Cooperative and non-cooperative approaches for the resilience of socio-technical systems

Users impose stresses on the technical systems and sustain the strain of the technical systems failure, when these happen. With the tragedy of the common at one extreme of non-cooperative exploitation of assets, and an exogenously optimised usage profile at the other extreme, there are many intermediate scenarios arising from the social dynamics amongst the users.

While cooperation is usually favourably regarded, it is very rarely established given the initial price in establishing it. What is the minimal intervention on the network, how and where should it be delivered to produce the onset of cooperation amongst player that preserves the health or enhance the performance of the technical systems they insist on?

Co-evolutionary dynamics in logistic networks

This project looks at developing innovative analytic methods to identify and map the end node resilience of logistic networks to the dynamics of intermediate nodes. The Northern corridor in East Africa is an archetype of logistic supply networks. Co-evolutionary dynamics of the logistic nodes and analysis of the network structure using algebraic graph theory are envisaged to be two of the possible tools to answer the research question.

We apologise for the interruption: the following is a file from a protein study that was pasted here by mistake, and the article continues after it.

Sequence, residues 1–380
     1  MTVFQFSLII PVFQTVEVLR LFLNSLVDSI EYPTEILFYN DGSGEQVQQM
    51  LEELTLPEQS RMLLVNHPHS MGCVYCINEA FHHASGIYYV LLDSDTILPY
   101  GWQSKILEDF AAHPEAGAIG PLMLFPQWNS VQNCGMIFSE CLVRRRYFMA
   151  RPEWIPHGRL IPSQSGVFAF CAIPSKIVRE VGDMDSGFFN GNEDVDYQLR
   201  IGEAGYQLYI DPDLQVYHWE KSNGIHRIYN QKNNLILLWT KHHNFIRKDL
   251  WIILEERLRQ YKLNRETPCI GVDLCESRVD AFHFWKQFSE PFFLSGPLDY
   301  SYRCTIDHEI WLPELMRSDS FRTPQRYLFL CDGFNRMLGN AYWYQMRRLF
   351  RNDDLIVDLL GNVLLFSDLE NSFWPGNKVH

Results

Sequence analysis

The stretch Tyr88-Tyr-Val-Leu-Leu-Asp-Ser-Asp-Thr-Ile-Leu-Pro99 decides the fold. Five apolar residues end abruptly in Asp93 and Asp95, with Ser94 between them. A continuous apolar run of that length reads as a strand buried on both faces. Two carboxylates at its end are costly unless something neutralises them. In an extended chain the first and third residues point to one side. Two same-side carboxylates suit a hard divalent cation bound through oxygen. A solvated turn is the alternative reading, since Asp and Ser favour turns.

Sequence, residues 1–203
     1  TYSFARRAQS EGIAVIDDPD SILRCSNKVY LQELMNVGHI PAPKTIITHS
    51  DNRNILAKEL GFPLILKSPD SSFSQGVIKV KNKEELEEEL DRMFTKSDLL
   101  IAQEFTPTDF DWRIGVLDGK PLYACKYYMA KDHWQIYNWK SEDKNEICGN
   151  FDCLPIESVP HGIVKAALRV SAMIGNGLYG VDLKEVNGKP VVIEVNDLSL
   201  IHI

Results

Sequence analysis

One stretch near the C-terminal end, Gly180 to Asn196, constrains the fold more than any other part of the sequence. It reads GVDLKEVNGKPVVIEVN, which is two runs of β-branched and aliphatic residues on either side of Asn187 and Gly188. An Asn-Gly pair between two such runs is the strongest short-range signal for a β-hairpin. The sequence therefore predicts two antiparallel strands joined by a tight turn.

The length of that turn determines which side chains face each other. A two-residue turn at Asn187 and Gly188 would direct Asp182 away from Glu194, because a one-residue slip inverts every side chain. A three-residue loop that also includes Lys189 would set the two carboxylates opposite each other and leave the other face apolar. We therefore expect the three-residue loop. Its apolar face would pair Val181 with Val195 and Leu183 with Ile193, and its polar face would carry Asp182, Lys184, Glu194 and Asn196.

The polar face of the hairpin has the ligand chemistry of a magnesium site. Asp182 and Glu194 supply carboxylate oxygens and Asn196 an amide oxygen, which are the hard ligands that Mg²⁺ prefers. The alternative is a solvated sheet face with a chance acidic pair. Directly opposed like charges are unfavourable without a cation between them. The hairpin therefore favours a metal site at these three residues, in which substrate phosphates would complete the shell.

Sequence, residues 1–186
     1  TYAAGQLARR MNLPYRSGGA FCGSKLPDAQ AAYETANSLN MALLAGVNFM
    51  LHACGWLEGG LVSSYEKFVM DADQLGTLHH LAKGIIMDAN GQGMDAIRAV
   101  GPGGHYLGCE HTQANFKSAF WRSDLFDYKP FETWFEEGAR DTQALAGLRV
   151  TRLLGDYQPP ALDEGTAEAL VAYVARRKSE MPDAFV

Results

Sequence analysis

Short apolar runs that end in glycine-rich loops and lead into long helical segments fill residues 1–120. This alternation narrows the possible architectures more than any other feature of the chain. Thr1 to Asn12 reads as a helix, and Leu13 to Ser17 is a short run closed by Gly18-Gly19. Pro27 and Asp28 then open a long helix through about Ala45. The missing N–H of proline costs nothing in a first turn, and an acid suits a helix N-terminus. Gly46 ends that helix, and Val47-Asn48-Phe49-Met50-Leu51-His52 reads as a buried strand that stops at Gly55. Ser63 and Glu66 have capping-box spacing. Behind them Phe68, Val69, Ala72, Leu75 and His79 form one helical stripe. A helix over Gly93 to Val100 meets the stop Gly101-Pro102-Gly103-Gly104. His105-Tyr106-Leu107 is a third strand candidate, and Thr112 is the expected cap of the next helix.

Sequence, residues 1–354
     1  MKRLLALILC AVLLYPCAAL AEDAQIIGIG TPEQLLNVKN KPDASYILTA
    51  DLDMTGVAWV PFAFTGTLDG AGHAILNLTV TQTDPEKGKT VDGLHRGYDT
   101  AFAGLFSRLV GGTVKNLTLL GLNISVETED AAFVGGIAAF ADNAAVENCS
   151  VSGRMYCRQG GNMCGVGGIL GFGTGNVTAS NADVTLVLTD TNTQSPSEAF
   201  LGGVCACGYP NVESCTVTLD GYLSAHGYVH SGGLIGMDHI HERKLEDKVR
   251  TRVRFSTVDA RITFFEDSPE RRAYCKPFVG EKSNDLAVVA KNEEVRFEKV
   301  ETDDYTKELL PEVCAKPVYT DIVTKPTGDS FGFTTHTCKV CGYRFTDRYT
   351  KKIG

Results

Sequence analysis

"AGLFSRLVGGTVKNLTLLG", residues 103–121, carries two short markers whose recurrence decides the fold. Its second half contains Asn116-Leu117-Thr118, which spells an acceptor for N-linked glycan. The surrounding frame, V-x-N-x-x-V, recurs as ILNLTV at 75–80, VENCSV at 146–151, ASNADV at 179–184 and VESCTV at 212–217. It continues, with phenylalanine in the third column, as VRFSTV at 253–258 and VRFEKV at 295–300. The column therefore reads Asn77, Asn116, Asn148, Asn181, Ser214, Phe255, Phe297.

Through the corridor, communities are ensured the continuity of supplies. Investments are attracted if a good level of resilience can be ensured for the logistic and supply chain. The sustained traffic volume increases the value of controlling the infrastructure assets.

This project is cast within the framework of evolutionary dynamics and complex network theory.
Evolutionary dynamics define state updating rules, that is, how the state of a node can change from zero to one as a function of the neighbour nodes’ states. Thus we can formally describe how a failure in one component affects the functioning of other neighbouring components. Such rules could also describe the probability that an alteration of the behaviour in one component compromises the functioning of a neighbouring component.

The fault propagation is linked to different properties of the network such as the node degree or the node centrality. These properties can be leveraged to measure the convergence probability to the all-mutant state in consequence of a mutant gene originating in a specific zone of the network. Irrespective of the application domain, the above property is a clear indication of the resilience of the network.

Publications

Journal articles

Conference proceedings papers

  • Clark R, Punzo G & Macdonald M (2016) Consensus speed optimisation with finite leadership perturbation in k-nearest neighbour networks. 2016 IEEE 55th Conference on Decision and Control (CDC), 12 December 2016 - 14 December 2016. RIS download Bibtex download